The Hunt for Wolverine #1
Written by Charles Soule
Art by David Marquez, Paolo Siquiera, Walden Wong, Rachelle Rosenberg and Ruth Redmond
Lettering by Joe Sabino
Published by Marvel Comics
Review by David Pepose
‘Rama Rating: 7 out of 10

He was the man of adamantium. He had a warrior’s ferocity, with a healing factor that once brought him back from a single drop of blood. But can even Wolverine claw his way back from death itself? That’s the question that continues to be teased in The Hunt for Wolverine #1, which follows Logan’s colleagues in the X-Men as they soon discover that reports of the ol’ Canucklehead’s demise might have been exaggerated.

In a lot of ways, The Hunt for Wolverine feels like particularly strong X-Men boilerplate, as Charles Soule pits the Children of the Atom against the cyborg killers known as the Reavers. The plot is simple — the Reavers are after Wolverine’s corpse — but the action feels straight out of classic Claremont, with Soule giving Kitty Pryde and Nightcrawler a fun team-up, while Colossus looms large as the X-Man to beat on the battlefield.

That said, the series can’t help but make some fairly smart characters look a little bit foolish — there’s a reason why Logan’s body isn’t in its adamantium statue anymore that feels like a total no-brainer, but the fact that both the X-Men and the Reavers wind up losing Logan’s body just makes both teams seem incompetent. It’s understandable, given that Soule is teeing up the mystery of Logan’s disappearance for a whole set of miniseries — a gambit which will likely result in diminishing returns soon enough — but once you get past the action, the actual substance of the book already feels a little thin.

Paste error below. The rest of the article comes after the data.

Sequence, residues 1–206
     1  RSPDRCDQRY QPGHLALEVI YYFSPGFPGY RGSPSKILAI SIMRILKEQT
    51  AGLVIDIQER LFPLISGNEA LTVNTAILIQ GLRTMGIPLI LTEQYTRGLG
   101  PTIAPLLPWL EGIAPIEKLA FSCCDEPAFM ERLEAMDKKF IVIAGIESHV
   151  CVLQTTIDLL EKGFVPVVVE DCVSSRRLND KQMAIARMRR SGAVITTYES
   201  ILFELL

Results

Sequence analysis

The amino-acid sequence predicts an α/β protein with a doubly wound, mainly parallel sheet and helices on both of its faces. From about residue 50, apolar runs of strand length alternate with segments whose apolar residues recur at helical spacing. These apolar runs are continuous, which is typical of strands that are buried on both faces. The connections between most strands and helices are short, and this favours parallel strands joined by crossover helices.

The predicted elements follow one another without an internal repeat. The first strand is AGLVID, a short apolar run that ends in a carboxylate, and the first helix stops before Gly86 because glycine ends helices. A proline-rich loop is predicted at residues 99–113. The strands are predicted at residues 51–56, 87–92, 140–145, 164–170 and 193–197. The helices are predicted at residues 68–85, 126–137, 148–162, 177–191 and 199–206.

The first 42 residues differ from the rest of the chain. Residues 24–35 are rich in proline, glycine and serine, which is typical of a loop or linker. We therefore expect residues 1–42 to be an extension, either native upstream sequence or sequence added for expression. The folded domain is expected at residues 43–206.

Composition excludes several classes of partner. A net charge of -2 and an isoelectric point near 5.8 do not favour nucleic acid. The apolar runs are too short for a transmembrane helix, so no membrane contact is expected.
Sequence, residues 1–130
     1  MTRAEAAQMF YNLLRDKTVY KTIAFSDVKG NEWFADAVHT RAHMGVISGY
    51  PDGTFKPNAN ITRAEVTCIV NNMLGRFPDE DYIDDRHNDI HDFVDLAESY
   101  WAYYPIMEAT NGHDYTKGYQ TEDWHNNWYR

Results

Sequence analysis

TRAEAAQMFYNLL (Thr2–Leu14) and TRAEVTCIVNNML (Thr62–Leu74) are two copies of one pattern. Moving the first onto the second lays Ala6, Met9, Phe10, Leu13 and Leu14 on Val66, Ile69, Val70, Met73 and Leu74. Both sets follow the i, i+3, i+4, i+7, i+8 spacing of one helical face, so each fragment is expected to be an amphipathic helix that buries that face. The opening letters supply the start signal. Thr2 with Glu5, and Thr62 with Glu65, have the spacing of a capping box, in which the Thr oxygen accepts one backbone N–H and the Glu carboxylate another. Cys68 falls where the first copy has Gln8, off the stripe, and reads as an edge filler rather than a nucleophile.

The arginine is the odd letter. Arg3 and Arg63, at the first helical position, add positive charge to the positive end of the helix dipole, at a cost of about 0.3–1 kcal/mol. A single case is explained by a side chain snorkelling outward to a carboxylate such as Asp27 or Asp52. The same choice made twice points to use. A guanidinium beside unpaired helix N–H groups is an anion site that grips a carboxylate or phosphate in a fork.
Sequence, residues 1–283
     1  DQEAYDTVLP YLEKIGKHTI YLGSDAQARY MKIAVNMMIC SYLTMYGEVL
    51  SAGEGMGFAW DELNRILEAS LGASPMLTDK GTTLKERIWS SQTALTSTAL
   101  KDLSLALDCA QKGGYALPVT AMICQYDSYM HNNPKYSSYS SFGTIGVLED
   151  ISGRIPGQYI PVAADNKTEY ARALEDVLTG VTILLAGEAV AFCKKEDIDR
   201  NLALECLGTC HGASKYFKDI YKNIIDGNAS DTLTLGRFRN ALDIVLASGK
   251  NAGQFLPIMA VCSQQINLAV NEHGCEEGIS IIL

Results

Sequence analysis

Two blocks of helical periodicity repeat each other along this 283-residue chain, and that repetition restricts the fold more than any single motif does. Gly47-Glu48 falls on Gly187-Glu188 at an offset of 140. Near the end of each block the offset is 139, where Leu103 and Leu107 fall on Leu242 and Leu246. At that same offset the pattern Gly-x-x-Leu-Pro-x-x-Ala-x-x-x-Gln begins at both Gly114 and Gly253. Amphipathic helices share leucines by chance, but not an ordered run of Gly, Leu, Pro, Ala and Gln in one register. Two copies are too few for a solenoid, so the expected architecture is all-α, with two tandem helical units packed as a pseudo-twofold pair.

The Hunt for Wolverine also proves to be a strange outing for artist David Marquez. Marquez is still dynamite when it comes to close-ups — he’s got such a clean line that his characters always look classic and fresh — but this issue feels primarily composed at a distance. While that makes sense for big team shots, that also means that few of the characters get an effective introduction, particularly the Reavers, whose designs might not be recognizable for many readers (with even Bonebreaker’s eclectic design often getting cut off in panels). There’s also something about his inking, combined with colorist Rachelle Rosenberg — at times there’s a hint of a Gerry Alanquinlan inking style here that makes Marquez look just a little bit off. That said, Marquez still delivers some eye-catching panels, particularly a threatening one of Colossus looming amongst some flaming rubble.

Soule’s backup story, featuring Kitty going to other corners of the Marvel Universe for assistance, is also somewhat of a mixed bag. On the one hand, it makes sense from a corporate synergistic perspective to make the return of Wolverine a line-wide event, especially since Logan has spent his latter years as both an X-Man and an Avenger — but it can’t help but diminish the X-Men a bit to not consider this a family matter of the highest importance, to instead immediately reach out to characters like Tony Stark and Daredevil for assistance. There are some cute beats here, however — Soule positioning Kitty Pryde as the X-Man most dangerous to the technology-loving Stark is an inspired move — and Paolo Siquiera’s artwork looks solid, but it feels less like its own story and more of a tease to the other spinoff titles coming out of this event.

In certain ways, The Hunt for Wolverine feels a lot like Soule’s work in The Death of Wolverine — we already know the end is coming, and after months of “post-credit” scenes in the comics, we already know Logan has been walking around, sporting an Infinity Stone no less. But while Soule is certainly leaning into the fan-service with his action sequences, he still hasn’t quite cracked that spark, that new twist that would make this series a surprise, let alone a must-read. Thanks to his high concepts and working with artists like Marquez and Siquiera, The Hunt for Wolverine will likely appeal to readers just on sheer execution, even if we’re only clawing at the surface how far this concept could truly go.